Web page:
'Wilberforce Would Join the Anti-abortion Fight'

totalCATHOLIC.com carries a story about the great, great-grandson of William Wilberforce

Wilberforce would join the anti-abortion fight
Published on 31 March 31 2008

A descendant of legendary anti-slavery campaigner William Wilberforce has said that if his ancestor was alive today, he would be campaigning against abortion. Fr Gerard Wilberforce, a priest of the Diocese of Plymouth, England, is the great, great-grandson of the renowned human rights champion.

Read the full story here.

Clinton and Obama challenged on pro-abortion stance

Lifenews.com carries an article by Steven Erfelt which shows that the abortion rate among African-Americans is much higher than among any other ethnic group in the USA.

Barack Obama, African-American Leaders Must Confront High Abortion Figures

by Steven Ertelt LifeNews.com Editor March 24, 2008

Washington, DC (LifeNews.com) -- A leading African-American pro-life advocate says Barack Obama and other black leaders must confront the phenomenon of black women having abortions at significantly higher rates than their white counterparts. Instead of advocating more abortions, the leader says Obama and others should promote alternatives.

Walter Hoye, who heads community relations at the Progressive Missionary Baptist Church of Berkeley, California, told LifeNews.com about the problem.

Hoye points to new statistics published in January by the Alan Guttmacher Institute, a research affiliate of Planned Parenthood. (Note: this is a pro-abortion group.)

AGI found black women were 4.8 times as likely as non-Hispanic white women to have an abortion.

Though the total number of abortions on women overall has decreased nationwide, the total number of abortions in the African-American community has gone up.

AGI showed 683,294 abortions on black women in 2005 or 56% of all legal abortions done across the country. Ultimately, from 2000 to 2005, the total number of abortions performed on black women rose 153,040 during that time period.

"These numbers represent an average annual increase of 30,608 aborted black babies per year or an annual daily increase of 84 aborted black babies per day," Hoye told LifeNews.com.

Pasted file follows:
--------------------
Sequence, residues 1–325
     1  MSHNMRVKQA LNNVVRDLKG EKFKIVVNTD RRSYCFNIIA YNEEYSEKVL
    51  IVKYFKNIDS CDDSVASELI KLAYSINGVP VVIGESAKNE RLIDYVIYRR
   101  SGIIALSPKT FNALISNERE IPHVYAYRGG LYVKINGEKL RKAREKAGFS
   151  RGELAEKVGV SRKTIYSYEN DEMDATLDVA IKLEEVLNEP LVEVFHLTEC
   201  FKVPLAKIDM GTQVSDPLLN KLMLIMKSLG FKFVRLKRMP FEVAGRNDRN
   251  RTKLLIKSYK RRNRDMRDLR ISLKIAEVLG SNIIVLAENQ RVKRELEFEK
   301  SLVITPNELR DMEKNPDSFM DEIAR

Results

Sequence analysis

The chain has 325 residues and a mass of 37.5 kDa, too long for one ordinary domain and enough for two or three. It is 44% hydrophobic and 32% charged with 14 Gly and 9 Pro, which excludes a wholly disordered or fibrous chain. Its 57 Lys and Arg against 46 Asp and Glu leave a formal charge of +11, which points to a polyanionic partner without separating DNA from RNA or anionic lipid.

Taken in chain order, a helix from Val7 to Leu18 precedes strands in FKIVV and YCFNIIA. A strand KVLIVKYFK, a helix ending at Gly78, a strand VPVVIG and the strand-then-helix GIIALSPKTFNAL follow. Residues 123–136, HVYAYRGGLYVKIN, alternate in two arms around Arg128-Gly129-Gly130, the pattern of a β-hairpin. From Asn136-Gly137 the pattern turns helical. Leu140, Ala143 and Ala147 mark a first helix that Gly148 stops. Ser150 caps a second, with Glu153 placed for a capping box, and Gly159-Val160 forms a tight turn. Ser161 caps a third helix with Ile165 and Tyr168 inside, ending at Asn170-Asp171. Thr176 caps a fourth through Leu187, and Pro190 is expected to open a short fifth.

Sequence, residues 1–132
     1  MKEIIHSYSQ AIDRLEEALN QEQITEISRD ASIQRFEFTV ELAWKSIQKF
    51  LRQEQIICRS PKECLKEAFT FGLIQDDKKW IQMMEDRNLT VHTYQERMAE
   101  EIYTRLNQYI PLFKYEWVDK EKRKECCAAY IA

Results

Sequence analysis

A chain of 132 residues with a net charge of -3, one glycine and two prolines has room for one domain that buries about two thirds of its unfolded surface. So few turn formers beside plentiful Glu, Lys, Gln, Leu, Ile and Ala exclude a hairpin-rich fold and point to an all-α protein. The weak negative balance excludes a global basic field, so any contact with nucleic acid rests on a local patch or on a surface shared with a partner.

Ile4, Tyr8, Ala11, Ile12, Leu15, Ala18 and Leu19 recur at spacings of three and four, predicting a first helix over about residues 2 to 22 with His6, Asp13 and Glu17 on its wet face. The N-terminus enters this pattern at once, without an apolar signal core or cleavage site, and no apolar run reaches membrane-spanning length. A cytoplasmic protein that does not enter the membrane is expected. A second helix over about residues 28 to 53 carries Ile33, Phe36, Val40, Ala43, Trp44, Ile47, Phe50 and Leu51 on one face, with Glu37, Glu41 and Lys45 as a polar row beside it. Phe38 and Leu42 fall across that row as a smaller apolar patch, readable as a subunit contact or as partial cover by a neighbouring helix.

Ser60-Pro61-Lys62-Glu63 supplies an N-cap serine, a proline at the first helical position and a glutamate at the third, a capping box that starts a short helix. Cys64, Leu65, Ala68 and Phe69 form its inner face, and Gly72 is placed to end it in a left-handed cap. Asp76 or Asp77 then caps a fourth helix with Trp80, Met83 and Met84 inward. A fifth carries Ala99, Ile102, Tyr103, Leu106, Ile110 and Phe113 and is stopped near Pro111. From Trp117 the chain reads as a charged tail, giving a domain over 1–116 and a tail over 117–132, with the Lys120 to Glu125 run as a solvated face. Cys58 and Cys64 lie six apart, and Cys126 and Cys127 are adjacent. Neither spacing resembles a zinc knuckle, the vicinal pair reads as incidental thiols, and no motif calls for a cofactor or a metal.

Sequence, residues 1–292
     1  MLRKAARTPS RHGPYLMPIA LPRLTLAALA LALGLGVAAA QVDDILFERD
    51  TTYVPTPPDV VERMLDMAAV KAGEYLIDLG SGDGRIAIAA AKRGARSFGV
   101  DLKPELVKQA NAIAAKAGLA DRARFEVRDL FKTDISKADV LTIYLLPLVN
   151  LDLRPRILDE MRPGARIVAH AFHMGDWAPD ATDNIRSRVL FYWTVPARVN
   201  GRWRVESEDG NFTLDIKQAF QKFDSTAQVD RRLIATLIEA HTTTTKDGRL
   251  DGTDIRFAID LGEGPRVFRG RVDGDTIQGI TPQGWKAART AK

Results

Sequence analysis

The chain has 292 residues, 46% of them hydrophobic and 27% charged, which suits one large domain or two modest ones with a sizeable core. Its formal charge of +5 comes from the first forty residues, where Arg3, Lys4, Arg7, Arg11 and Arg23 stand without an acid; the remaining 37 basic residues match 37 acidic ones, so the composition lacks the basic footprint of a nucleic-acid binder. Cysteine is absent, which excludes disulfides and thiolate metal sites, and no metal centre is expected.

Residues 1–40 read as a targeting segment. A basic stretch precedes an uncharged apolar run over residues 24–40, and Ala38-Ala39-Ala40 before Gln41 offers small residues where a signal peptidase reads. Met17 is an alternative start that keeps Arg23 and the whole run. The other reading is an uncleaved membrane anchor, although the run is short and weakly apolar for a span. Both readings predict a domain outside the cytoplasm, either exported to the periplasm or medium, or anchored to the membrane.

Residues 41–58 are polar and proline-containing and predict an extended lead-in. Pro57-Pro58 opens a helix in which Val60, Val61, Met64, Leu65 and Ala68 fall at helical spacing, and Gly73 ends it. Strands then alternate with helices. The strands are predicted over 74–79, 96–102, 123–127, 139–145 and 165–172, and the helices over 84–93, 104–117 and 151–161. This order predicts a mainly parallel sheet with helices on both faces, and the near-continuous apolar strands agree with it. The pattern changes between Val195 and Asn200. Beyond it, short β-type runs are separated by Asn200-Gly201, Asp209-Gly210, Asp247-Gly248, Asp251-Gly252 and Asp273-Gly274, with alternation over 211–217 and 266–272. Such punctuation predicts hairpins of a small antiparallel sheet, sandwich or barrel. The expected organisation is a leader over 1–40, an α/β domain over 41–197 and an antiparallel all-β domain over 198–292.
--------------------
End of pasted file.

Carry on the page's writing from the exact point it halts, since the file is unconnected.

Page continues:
To bring the figures into perspective, Hoye examined population data and found that the number of abortions on black women and babies annually "is the equivalent of killing more than the entire African-American population of Oakland, California, Washington, D.C. and Atlanta, Georgia combined."

Hoye, who heads the Issues for Life Foundation, calls for all African-American leaders to do the math and understand the impact of abortion on the African-American community.
"Abortion is the Darfur of the African-American community. We must work together towards ending abortion," he said.

Hoye asked Obama and other black leaders to promote the de-funding of Planned Parenthood, the nation's largest abortion business that has numerous abortion centers in predominantly black communities.

He also called for African-Americans to support pro-life candidates and for the promotion of post-abortion programs to help the high number of black women having repeat abortions to stop the cycle.

"With an estimated 1,900 black babies being aborted every day, African-American leaders must do the math, understand the impact of abortion on the African-American community," Hoye concluded.

Related web sites:Issues for Life Foundation - http://www.issues4life.org/


Meanwhile, Bishop Donald W. Trautman of Erie, Pennsylvania will not be attending the graduation ceremony at Mercyhurst College, a 'Catholic' institution in his diocese, because of their invitation to Senator Hilary Clinton to speak there. Her pro-abortion position is well known. This report from Erie Times-News includes quotes of people with the usual cliches about 'different points of view' and so on, as if the Church was never founded by Jesus Christ and given the mandate to preach the Gospel, to preach and teach the truth, cliches about 'one-issue politics', as if killing unborn children was in the same category as smoking in no-smoking areas.